Thursday, April 30, 2015

Nonviolence for White Americans

I planned to write about human relationships with robots in the movies Robot and Frank and Ex Machina.  I will do so later, but with the earthquake in Nepal and the events in Baltimore surrounding the death of Freddie Gray on my mind, I wanted to say something about relationships between human beings.

Nonviolence has been in the news this week, with articles such as Ta-Nehisi Coates’s “Nonviolence as Compliance” and Benji Hart’s“Baltimore’s Violent Protestors are Right.”  There’s even an article on Gandhi and Baltimore by Tom Hawking.

If nonviolence is understood as passively acquiescing to injustice (as the click bait headline of Coates’s article suggests while the actual article does not), then it’s my duty as a philosopher to point out that it’s simply inaccurate to claim that this is nonviolent philosophy as understood the tradition of Gandhi and King.
But honestly I’m not interested in being another white person to lecture African Americans about nonviolence.  I’m also not interesting in being another white person to use the situation in Baltimore to make sweeping claims about violence and social change, which I find just as problematic. 

In this post I am addressing my fellow white Americans, because we are the people most in need of the principles of nonviolence.

Fear as the Basis for Violence

While a lot could be said about the militarization of police, cultures of protecting and encouraging racist behavior among police departments, or gun laws that enlarge the scope of legally justifiable self-defense, I want to concentrate on a more fundamental issue: fear.  Fear is the basis of all of this, especially white Americans’ fear of black Americans.

Fear played an obvious role in the killings of Trayvon Martin and Mike Brown; even if we grant that George Zimmerman and Darren White may have been legitimately afraid and may have shot white people in similar situations (and I have serious doubts about the latter), Zimmerman and White each explicitly framed the incidents in terms of racialized fear.  Baseless fear was the root of the police killing of Eric Garner in New York.  Freddie Gray’s death in Baltimore may be less about immediate fear than it is about dehumanization that results from white people’s fear of black people.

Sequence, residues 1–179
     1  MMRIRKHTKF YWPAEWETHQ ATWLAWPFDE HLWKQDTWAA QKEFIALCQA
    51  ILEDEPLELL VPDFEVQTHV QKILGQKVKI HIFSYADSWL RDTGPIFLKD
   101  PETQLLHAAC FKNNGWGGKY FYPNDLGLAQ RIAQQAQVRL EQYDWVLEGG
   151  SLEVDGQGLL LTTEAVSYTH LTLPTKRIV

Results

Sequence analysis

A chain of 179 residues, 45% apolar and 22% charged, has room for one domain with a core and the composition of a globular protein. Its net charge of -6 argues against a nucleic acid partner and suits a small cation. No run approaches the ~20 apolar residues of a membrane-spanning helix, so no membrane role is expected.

Fear has also played a role in other issues such as white flight, continued segregation, and disproportionate rates of poverty, unemployment, and incarceration.  Fear encourages white Americans to categorize black Americans as threats rather than human beings.  It is an assault on human dignity that results in the belief that black lives don’t matter.  This is violence.

Given the way American society and the media are constantly telling white people to be afraid of black people, it’s no wonder that many of us feel this fear so deeply, and given our national mythology of a color blind, post-Civil Rights society, no wonder we usually fail to acknowledge this fear.

Overcoming Cowardice

Gandhi said repeatedly that if he had to choose between violence or cowardice, he would choose violence (see for instance, “Ahiṃsā, or The Way of Non-Violence”).  This surprises people unfamiliar with Gandhi’s work, which is why you should read primary sources!  Gandhi thought that nonviolent action is usually – but not always – the best alternative, but he was insistent that nonviolence requires the overcoming of fear.  Gandhi, like King after him, was keen to undermine the equivalence of courage and violence, a lesson I think our violent society would do well to learn.  (See also my post on Martin Luther King, Jr. Day and this 1968 speech in which King addressed recent riots). 

White Americans need the courage to overcome our fears.  We must have the courage to counteract our racist society, to stop dehumanizing and disrespecting black people, to stop seeing our fellow human beings as threats, and to stop denigrating black communities.

Undoing pervasive social conditioning is not easy, but with courage and reflection it may be possible to make some small progress.  So, white Americans, next time you feel an involuntary reaction of fear, assume somebody is “suspicious,” unthinkingly say that a particular part of town is “bad,” and so forth, stop and reflect about whether you’re doing so out of fear and whether you want to be the type of person ruled by fear.


This alone is obviously not going to solve all our problems, but in a society where fear blinds many of us to the humanity of our fellow citizens, it’s a start.  If we can start working on fear as one of the root causes of racial injustice, perhaps we can also start thinking about real political solutions to the systemic and structural racism that harms all of us.

Likewise, we should help people in Nepal after last week’s devastating earthquake, but we should also think about what we can do to end the global inequality and poverty that make responding to natural disasters more difficult.

Relying on courage, reasoning, compassion, cooperation, and political action to solve problems and build healthy societies is what nonviolence is really about.  It’s about time we white Americans started doing our part.

1 comment:

  1. This article gives examples of some of the kinds of fears I'm talking about: